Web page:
The list of serious and felonious corporate acts from this same lack of social conscience and ethical standards would fill an encyclopedia. It is true that some of these have always existed, that “the public be damned” has always been with us, but it was never so accepted as standard behavior that the perpetrators were immune from prosecution as they are in the US today. And again, I lay most of the blame for the greed and the rampant desensitisation to humanity on the amoral capitalist culture promulgated by the prominent business schools and so eagerly adopted by our MBA graduates – so weak, so immature and so easily corruptible.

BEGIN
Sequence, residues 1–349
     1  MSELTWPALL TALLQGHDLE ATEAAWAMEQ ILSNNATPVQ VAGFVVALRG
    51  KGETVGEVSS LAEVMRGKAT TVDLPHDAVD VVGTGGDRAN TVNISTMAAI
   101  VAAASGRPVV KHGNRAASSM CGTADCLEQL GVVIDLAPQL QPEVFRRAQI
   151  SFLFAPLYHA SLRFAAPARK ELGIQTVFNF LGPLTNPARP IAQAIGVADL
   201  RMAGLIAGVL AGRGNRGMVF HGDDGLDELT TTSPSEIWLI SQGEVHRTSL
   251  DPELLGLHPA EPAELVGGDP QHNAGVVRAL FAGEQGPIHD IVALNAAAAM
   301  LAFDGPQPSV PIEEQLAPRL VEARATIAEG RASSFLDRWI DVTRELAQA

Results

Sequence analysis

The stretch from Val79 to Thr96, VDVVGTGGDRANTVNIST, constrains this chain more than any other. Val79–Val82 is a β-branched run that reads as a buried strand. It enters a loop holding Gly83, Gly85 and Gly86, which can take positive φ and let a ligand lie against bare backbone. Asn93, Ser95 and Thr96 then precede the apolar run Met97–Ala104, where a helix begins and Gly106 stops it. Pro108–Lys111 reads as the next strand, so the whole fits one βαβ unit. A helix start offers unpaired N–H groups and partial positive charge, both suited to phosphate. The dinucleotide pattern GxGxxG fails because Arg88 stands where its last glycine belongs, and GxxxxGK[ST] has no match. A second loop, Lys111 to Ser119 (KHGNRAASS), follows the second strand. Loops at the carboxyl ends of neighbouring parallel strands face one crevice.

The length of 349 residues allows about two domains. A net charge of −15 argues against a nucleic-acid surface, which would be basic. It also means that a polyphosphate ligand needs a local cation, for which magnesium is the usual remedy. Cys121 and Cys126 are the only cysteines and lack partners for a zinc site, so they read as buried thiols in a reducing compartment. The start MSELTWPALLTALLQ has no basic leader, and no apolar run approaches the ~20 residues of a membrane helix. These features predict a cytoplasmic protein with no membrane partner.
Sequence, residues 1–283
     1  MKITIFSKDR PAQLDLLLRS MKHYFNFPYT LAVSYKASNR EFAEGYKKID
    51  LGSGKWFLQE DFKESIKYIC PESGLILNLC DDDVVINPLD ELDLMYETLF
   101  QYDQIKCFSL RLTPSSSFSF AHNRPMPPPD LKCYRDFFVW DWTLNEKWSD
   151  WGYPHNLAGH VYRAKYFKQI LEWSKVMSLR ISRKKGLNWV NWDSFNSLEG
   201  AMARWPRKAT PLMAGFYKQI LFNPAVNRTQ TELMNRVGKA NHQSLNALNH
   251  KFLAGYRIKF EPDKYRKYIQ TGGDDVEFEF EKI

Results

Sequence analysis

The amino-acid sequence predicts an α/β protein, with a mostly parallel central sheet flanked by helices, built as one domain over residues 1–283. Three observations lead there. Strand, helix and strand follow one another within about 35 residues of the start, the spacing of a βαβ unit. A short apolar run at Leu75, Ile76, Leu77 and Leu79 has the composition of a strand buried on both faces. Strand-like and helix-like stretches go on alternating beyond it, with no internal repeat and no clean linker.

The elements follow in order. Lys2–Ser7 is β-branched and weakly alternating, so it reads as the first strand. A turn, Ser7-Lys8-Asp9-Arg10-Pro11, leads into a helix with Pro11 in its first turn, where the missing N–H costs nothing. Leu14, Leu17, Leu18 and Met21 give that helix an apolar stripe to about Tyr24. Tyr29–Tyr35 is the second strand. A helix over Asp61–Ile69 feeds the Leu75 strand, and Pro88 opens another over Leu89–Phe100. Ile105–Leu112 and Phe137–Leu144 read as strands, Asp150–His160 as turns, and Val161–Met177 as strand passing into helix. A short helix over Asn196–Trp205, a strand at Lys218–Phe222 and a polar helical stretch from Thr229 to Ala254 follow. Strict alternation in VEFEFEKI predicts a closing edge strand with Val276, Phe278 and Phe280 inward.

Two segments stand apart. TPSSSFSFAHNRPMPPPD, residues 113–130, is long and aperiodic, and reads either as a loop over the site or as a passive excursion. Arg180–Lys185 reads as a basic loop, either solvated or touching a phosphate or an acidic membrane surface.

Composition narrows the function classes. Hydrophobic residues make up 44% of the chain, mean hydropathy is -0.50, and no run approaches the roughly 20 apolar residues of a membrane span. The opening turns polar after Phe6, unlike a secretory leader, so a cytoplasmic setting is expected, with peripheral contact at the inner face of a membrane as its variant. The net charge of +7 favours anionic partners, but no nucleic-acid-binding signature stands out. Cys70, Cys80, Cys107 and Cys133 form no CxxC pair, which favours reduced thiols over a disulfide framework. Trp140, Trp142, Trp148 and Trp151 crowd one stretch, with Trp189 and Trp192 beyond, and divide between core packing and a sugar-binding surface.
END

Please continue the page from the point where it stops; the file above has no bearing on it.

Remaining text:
In a book titled The End of Equality, (1) author Mickey Kaus clearly hit on the crux of the matter, the focus on “free markets” and the ruthless drive for profit maximisation in our new globalised world. It is that ruthlessness, the single-minded and empty-headed, thoughtless push for profit at the eventual expense of everything else, that changed the world for the worse. It is at the most admired Business Schools like the USA’s Harvard or Canada’s Western or the LSE, and in their MBA classes, where students’ heads are filled with values that have no value to either themselves or society, and are taught only the things necessary to further entrench the top 1% in their financial enslavement of humanity. It is axiomatic in human society that just because a thing can be done, that is not necessarily a reason to do it, but MBA students are taught only ‘what and ‘how’, and heavily proscribed from asking “Why?”. Business schools, MBA graduates and multi-national businesses have no such questions because they have no values against which to measure the wisdom of their actions. Indeed, questioning the capitalist bible at this stage will lead to rejection, isolation and ostracism, to say nothing of failing the MBA program.